Japan Launches Nationwide Earthquake Warning System

Japan Launches Nationwide Earthquake Warning System
Japan has switched on a nationwide advance warning system for earthquakes. The system gives any person tuned to the radio or television, seconds of warning before a large quake.
There is also a provision for purchasing for homes or businesses special receivers that deliver emergency notices by loudspeaker.

Scientists say this will ensure that warnings are received during the night too.

According to a Nature report, the system is designed to give people roughly 10 to 20 seconds of warning, depending on their distance from the quake's epicentre. Warnings are triggered for a given area if the earthquake intensity is expected to be magnitude 5 or greater.

Earthquake engineer Makoto Saito of the Japan Meteorological Agency in Tokyo said the warnings work because they are transmitted by telecommunication systems faster than a quake itself propagates outwards from its epicentre.

A network of 1,000 land-based seismometers throughout Japan is geared to detect the first rumblings of a quake through the pressure waves (p-waves) that are first to hit the surface, he said.

He said a quick analysis of these p-waves together with any other available seismic information gives an estimate of the magnitude and place where the earthquake originated. From this data, computers estimate the intensity of shaking that this quake will produce in various areas when slower-travelling s-waves reach the surface, he added.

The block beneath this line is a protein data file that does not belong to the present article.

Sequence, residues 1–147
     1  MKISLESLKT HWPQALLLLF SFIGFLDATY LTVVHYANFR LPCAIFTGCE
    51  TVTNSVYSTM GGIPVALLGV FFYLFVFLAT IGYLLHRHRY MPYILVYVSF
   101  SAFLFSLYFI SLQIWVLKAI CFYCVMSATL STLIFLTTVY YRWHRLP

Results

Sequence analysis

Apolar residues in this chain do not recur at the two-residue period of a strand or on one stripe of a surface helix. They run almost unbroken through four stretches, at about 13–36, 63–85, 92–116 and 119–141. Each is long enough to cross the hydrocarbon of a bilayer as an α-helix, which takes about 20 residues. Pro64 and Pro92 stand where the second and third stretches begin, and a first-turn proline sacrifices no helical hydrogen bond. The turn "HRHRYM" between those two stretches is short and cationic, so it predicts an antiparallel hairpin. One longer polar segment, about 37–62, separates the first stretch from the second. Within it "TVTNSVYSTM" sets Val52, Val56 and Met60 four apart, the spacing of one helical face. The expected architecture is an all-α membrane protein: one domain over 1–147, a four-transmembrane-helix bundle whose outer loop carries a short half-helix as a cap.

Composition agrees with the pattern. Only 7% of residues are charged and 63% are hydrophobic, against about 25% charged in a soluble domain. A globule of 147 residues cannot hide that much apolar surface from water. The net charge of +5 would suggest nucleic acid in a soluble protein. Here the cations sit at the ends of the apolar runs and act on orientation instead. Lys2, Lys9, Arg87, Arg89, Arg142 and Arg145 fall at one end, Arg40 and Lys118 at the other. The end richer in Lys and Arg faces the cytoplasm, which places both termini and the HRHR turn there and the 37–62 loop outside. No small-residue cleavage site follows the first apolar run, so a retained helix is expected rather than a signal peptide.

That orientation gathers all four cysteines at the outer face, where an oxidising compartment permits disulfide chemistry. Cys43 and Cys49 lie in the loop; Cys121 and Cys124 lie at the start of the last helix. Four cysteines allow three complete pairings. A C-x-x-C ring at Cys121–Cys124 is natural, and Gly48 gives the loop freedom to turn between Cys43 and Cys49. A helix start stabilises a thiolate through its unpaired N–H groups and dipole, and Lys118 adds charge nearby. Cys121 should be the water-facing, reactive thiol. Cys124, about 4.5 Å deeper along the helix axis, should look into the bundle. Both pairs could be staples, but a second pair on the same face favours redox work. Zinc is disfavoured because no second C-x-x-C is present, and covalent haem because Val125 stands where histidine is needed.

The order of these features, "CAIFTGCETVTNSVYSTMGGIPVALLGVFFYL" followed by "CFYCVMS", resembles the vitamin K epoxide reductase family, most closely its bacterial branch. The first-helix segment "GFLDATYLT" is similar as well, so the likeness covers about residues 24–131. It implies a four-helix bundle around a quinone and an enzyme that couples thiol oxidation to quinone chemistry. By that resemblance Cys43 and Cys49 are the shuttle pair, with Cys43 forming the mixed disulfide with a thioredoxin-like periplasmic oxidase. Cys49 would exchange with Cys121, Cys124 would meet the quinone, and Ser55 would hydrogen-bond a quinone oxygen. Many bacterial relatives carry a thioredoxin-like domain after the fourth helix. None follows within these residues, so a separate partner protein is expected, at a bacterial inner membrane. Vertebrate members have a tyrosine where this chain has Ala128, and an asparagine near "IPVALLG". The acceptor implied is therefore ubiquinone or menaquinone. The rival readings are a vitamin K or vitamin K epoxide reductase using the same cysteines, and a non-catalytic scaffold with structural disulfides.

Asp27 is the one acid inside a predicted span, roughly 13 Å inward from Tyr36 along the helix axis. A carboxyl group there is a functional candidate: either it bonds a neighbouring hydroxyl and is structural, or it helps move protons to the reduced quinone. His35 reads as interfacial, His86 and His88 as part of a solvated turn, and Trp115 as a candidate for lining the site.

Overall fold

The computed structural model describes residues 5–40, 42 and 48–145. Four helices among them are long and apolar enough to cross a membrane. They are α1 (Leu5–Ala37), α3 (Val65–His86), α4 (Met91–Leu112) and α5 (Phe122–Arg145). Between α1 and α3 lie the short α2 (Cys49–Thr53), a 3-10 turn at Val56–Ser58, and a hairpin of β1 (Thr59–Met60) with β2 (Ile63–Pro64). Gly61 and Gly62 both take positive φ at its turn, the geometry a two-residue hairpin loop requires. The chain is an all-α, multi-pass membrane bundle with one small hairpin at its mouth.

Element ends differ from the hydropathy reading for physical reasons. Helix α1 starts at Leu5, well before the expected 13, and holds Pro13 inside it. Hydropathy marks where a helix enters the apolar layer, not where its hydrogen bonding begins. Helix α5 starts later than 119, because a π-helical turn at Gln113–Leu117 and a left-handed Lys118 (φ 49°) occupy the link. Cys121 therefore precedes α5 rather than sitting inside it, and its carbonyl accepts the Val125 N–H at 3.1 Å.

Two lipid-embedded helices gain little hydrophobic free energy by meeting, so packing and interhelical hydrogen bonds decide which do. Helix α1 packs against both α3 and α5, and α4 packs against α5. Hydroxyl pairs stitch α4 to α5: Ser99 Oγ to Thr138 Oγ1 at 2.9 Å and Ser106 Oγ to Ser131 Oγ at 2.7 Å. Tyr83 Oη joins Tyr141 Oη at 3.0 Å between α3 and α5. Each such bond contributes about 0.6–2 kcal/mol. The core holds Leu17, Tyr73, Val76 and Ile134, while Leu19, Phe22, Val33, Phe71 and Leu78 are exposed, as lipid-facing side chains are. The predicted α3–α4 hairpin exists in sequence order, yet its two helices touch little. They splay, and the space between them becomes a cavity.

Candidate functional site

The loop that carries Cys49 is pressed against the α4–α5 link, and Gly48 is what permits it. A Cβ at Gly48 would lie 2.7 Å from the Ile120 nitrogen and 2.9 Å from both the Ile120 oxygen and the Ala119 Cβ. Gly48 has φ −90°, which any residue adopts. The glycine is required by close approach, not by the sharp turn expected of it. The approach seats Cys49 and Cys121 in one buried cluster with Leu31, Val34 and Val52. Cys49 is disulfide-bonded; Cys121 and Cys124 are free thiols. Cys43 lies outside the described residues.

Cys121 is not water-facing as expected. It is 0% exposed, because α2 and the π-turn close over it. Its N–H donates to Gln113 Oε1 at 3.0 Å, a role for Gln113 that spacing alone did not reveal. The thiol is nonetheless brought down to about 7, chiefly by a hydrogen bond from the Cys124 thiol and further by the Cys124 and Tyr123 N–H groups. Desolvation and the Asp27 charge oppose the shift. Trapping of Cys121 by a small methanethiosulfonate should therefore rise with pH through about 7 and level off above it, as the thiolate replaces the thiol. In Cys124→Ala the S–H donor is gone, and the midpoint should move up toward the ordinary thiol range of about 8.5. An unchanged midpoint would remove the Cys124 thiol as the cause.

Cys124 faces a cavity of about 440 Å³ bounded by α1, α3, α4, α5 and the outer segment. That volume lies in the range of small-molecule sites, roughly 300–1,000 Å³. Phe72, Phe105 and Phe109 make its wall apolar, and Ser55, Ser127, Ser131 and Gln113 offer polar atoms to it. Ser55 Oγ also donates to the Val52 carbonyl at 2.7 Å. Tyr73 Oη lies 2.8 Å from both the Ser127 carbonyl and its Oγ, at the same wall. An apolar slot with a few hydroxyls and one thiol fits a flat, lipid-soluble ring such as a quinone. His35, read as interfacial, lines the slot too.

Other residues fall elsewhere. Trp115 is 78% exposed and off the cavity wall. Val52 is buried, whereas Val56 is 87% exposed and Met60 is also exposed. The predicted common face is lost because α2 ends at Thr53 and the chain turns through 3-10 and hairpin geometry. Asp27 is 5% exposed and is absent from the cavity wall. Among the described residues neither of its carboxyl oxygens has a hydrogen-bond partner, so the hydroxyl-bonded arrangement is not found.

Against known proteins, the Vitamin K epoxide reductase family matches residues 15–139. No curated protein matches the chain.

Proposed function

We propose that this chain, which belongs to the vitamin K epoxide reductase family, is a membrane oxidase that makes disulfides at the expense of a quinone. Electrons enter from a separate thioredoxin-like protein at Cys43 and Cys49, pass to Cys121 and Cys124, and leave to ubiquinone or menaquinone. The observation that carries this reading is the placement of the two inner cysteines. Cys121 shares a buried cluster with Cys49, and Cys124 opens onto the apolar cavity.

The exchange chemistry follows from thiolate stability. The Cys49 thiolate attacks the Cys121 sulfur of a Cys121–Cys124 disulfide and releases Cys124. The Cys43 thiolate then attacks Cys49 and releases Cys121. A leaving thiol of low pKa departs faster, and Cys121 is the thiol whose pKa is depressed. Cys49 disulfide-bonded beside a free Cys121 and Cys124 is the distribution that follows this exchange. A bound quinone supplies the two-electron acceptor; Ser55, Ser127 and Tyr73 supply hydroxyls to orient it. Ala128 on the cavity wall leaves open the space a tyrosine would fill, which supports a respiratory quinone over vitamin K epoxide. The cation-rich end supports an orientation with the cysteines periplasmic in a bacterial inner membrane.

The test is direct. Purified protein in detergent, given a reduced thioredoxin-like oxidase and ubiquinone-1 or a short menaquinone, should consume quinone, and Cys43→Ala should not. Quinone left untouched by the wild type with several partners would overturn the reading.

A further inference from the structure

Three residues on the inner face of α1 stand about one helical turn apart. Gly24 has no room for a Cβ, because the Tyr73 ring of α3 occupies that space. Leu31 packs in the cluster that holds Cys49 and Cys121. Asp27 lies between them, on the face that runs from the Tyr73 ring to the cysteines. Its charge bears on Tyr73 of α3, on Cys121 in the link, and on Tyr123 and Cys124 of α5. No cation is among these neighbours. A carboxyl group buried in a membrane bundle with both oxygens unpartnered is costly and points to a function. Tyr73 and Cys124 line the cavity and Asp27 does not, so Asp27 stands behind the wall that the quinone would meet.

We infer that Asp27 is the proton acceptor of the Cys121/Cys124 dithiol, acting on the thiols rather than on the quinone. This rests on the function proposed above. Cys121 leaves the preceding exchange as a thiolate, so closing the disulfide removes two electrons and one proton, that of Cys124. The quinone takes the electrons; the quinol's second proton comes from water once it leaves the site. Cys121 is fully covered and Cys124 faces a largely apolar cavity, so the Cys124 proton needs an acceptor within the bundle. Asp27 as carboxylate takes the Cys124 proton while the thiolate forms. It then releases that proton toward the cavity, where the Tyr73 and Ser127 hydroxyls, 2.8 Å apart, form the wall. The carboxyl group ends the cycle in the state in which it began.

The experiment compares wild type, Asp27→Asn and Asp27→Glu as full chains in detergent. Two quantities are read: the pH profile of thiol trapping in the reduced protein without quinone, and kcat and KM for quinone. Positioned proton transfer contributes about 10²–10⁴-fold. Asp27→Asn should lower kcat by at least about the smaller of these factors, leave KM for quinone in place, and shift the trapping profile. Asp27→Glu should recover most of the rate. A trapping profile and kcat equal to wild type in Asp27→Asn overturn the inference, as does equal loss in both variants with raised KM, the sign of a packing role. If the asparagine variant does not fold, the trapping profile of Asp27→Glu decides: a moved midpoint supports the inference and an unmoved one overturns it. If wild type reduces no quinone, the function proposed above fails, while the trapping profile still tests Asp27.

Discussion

While the system has been in use in Japan since 1989 to stop trains in the event of strong earthquakes, and has also been rolled out to other facilities, such as power stations, as well, this is the first time it has been extended to the general public.

Officials hope the warnings will help people get to safety. Although there will not be much that some people can do, it should prevent people from getting trapped in elevators, allow surgical procedures and other sensitive work to stop, and give schools time to prepare students.

However, there is concern that the warnings could lead to panic and dangerous overreactions. “We are trying to teach people exactly what to do so that they know how to react,” said Saito. Saito said while other nations have also investigated or installed similar systems, none is as extensive as Japan's.

“As far as a nationwide system with this kind of coverage goes, ours is the first,” said Saito.


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